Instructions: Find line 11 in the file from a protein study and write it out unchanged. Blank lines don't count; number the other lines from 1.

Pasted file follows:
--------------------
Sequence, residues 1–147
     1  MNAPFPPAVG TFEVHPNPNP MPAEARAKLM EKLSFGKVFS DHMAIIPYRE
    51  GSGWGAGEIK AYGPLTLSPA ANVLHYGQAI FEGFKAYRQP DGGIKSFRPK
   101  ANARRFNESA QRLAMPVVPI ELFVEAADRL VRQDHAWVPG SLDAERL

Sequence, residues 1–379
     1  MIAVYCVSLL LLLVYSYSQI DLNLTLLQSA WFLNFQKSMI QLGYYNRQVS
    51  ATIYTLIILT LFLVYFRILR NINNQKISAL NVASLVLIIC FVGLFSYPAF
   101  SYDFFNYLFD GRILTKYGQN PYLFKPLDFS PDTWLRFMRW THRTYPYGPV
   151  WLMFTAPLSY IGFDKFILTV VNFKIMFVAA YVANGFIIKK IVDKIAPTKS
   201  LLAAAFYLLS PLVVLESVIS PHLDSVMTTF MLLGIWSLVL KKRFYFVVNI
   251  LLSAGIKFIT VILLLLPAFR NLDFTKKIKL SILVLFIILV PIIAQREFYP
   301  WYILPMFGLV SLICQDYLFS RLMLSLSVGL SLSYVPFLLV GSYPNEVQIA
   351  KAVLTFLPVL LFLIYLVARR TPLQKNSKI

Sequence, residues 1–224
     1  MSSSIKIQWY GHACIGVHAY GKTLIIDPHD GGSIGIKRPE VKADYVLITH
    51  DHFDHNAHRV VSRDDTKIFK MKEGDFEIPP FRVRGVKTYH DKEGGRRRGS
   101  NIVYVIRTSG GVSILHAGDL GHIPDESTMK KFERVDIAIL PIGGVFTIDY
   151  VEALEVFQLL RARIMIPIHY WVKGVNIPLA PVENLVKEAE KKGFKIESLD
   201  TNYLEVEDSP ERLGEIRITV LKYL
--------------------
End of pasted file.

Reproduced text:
   251  LLSAGIKFIT VILLLLPAFR NLDFTKKIKL SILVLFIILV PIIAQREFYP